The input to a prestrategy is a set of equations *C*.

- S0. Set (see §).
- S1. Run NCProcess1 which creates a display of the output (see O1-O5 in §) and look at the list of equations involving only one unknown (say a particular equation has exactly one unknown ).
- S2. The user must now make a decision about equations in (e.g., is a Ricatti equation so I shall not try to simplify it, but leave it for Matlab). Now the user declares the unknown to be known. The user would also select the equation as important. User selecting an equation corresponds to adding it to the set .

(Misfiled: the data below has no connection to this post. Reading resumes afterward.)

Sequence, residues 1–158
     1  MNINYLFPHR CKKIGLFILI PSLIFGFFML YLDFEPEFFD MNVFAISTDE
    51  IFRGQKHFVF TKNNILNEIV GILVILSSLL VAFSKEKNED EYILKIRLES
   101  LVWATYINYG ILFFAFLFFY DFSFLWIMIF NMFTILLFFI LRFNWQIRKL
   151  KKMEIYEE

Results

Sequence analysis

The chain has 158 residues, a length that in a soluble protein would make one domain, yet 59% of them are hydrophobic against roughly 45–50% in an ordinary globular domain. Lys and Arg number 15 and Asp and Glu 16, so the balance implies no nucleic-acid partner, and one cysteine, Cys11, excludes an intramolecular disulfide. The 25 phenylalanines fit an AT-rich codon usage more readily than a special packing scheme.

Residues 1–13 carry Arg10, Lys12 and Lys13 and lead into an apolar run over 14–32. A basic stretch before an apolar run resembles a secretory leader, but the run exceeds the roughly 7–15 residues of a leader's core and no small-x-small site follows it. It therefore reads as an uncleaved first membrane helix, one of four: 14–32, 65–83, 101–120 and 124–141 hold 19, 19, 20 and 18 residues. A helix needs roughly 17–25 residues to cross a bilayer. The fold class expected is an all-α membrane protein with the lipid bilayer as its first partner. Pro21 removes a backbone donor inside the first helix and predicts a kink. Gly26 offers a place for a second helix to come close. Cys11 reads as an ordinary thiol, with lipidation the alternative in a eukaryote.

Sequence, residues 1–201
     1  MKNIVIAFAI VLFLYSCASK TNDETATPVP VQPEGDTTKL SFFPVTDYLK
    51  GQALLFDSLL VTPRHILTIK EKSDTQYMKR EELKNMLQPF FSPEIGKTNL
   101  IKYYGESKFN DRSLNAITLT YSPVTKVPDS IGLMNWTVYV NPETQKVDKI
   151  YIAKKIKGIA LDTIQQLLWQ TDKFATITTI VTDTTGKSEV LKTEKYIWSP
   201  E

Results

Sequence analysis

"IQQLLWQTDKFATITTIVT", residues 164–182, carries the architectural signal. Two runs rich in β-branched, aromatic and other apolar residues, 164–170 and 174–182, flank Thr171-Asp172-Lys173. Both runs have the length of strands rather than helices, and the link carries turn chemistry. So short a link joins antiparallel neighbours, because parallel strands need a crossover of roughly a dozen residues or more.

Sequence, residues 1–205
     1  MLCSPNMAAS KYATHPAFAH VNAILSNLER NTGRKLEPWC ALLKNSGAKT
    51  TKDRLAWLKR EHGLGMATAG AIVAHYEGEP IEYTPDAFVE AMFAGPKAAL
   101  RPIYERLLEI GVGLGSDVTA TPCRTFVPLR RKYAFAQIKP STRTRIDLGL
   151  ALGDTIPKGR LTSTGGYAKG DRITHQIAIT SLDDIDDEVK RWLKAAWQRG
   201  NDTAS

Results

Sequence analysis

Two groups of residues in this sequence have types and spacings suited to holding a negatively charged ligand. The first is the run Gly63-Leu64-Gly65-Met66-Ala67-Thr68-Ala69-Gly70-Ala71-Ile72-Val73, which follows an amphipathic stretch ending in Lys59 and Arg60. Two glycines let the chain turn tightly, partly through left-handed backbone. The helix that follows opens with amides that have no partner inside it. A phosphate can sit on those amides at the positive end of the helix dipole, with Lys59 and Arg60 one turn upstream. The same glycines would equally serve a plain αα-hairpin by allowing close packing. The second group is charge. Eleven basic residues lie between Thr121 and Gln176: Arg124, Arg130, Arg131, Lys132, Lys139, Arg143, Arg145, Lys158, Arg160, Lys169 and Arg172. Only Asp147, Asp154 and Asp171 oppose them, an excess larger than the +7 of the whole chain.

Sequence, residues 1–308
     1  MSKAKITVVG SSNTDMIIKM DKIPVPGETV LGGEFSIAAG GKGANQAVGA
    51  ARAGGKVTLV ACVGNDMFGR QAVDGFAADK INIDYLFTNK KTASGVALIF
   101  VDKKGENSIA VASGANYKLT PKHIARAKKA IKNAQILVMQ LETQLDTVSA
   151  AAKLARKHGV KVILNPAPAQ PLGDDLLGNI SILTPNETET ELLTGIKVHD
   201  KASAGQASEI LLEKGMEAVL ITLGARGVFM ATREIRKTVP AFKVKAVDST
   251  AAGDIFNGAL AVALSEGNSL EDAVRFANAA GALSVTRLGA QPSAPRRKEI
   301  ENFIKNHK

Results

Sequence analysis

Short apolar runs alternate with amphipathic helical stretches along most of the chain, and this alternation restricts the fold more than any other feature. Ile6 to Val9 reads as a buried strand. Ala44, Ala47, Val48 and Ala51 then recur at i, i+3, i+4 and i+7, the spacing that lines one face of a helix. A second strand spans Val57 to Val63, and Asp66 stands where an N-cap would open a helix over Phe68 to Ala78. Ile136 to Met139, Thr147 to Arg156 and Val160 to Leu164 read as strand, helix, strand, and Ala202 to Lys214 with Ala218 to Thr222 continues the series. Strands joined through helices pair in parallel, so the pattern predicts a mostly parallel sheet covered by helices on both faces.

- S3. Either do the ``End game''
(see
§) or Go to S1.

The above listing is, in fact, a statement of a
*1-prestrategy*.
Sometimes one needs a *2-prestrategy* in that the
key is equations in 1 and 2 unknowns.

Another point is that the user can select certain equations which he deems important. The NCProcess commands give these priority over subsequent equations when eliminating unknowns.

The point is to isolate and to minimize what the user must do. This is the crux of a prestrategy.

Wed Jul 3 10:27:42 PDT 1996